Dixie Betrayed: How the South Really Lost the Civil Warby David J. Eicher
David Eicher reveals the story of the political conspiracy, discord and dysfunction in Richmond that cost the South the Civil War. He shows how President Jefferson Davis fought not only with the Confederate House and Senate and with State Governers but also with his own vice-president and secretary of state.
Christine Gibson, American Heritage
"Much ink has been spilled debating the question of why the South lost the Civil War. Eicher offers his own significant analysis of what he views as the central issue: how the Confederacy shot itslef in the foot because its leaders together . . . founded an imperfect union, and together they destroyed it."—Booklist
-Jeffry D. Wert, author of The Sword of Lincoln
"Eicher's previous Civil War books are military histories, and his martial knowledge shows in Dixie Betrayed. He contrasts broad-stroke depictions of brutal battles and mounting Southern casualties with the Confederate government's apparent obliviousness of its need for unity."—Christine Gibson, American Heritage
- Little, Brown and Company
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- Hachette Digital, Inc.
- NOOK Book
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- 3 MB
Meet the Author
David J. Eicher is the author of numerous books about the Civil War, including The Longest Night.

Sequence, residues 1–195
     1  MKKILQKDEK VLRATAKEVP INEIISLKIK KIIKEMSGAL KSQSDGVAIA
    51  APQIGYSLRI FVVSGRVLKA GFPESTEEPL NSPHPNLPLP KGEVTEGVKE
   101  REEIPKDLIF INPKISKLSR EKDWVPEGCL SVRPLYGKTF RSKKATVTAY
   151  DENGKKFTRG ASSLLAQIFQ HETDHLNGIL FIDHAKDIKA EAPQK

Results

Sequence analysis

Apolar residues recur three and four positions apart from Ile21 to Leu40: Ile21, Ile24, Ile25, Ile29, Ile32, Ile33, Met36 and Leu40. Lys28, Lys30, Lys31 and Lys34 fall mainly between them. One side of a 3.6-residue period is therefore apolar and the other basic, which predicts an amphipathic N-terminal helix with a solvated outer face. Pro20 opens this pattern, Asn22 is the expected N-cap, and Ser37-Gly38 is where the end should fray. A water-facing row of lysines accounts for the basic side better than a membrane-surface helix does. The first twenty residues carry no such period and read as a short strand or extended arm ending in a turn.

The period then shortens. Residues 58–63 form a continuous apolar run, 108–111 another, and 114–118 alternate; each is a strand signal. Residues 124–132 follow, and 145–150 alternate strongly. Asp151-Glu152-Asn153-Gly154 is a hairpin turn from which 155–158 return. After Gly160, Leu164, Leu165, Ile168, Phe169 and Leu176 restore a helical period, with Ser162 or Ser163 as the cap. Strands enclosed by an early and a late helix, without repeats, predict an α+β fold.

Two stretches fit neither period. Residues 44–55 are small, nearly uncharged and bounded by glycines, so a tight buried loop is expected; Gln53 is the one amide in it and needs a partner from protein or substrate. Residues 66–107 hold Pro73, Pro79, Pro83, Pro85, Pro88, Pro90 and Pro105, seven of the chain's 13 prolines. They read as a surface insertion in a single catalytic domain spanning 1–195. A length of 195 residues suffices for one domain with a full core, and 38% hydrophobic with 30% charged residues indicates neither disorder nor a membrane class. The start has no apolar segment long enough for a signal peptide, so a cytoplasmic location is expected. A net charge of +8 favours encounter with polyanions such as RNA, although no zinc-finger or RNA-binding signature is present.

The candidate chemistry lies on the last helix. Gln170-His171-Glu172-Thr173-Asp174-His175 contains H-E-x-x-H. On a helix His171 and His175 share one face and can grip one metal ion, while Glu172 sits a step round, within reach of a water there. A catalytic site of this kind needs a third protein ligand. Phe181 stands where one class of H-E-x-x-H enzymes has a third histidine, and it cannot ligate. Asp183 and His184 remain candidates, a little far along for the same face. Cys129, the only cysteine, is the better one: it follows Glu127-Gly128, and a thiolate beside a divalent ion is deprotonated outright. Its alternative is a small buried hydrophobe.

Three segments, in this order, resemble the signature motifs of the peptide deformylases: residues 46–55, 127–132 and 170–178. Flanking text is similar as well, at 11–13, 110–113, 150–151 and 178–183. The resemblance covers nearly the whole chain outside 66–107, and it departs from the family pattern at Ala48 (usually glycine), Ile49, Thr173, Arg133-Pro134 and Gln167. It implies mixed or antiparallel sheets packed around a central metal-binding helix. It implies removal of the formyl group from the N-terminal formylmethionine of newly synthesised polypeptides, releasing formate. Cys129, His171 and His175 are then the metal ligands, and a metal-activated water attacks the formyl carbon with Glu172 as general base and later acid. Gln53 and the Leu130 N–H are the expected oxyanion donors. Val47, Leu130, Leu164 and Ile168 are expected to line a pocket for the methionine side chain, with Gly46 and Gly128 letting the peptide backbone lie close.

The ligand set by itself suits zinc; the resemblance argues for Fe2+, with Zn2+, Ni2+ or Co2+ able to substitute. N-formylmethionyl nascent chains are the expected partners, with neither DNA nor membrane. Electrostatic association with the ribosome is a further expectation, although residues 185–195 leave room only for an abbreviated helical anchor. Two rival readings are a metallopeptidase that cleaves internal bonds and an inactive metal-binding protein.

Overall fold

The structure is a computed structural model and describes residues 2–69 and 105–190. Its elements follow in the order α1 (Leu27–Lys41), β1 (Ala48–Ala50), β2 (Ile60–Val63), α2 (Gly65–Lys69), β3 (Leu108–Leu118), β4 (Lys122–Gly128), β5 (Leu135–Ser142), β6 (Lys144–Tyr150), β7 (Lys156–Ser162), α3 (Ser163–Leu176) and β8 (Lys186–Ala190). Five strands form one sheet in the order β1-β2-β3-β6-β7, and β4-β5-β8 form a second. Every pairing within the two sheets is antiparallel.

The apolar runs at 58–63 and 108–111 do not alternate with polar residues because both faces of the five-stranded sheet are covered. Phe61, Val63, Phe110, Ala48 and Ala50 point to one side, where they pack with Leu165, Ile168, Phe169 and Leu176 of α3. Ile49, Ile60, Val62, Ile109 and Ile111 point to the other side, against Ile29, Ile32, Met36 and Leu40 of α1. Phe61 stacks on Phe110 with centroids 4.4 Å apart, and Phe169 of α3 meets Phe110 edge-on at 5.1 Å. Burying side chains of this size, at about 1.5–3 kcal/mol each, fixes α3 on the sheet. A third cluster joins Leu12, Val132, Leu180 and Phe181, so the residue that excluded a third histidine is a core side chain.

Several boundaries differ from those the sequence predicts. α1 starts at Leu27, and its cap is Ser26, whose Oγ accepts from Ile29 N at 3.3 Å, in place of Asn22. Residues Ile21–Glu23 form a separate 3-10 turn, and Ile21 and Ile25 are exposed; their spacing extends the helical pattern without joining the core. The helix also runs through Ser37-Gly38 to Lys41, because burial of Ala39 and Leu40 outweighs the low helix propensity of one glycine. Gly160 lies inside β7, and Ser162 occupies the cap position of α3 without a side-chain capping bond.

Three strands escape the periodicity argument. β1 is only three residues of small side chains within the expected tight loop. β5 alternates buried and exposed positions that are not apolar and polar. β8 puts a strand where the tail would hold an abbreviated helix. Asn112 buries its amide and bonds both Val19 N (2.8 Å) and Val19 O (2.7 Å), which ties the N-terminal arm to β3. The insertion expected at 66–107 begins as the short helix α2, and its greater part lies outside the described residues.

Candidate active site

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I give "Dixie Betrayed" 2/5 stars because I don't want to convey the impression that it's a horrible book, because it's not, but the truth is that "Dixie Betrayed" betrayed its title. I don't really subscribe to the "internal politics doomed the CSA" theory, but regardless, Eicher totally failed in his quest to prove it. Much of the book is spent discribing the war itself, including strategic maneuvers and battle details, and although sometimes these things affected the generals' relationships with the CSA government, most of Eicher's battle depictions don't touch on this. Way too much time is spent on the generic "what happened" and way too little time was spent analyzing it in the context of the book's stated theme. Further, when a war event was analyzed, it wasn't synthesized; for example, much time was spent describing Congressional debates as, "Again, much talk and no action with nobody winding up happy," but no time was spent on proving how any such occassion actually ruined the Confederate cause. In short, all Eicher proved was that the CSA acted like a country with a central government that debated amongst itself, but he totally failed to prove not only that this doomed the CSA but also that it even hurt the short-lived country in the slightest bit. BUT, it was not a totally horrible book. In fact, I found it to be rather entertaining and well-written in terms of following the war from the CSA government's perspective. Personally, I would still recommend this book, but only to those who understand that what it gives is a very readable Southern-view synopsis of the war with some rather interesting stories that I haven't found elsewhere about what happened inside Richmond. I picked up this book originally hoping to learn a lot about the inner CSA government and the relationships between Davis, the Congress, the governors, and the generals, and I suppose I did get some of that goal accomplished. However, I still cannot give more than 2.5/5.0 stars, which is a stretch in itself, since so much of the book is devoted to the war itself rather than the politics.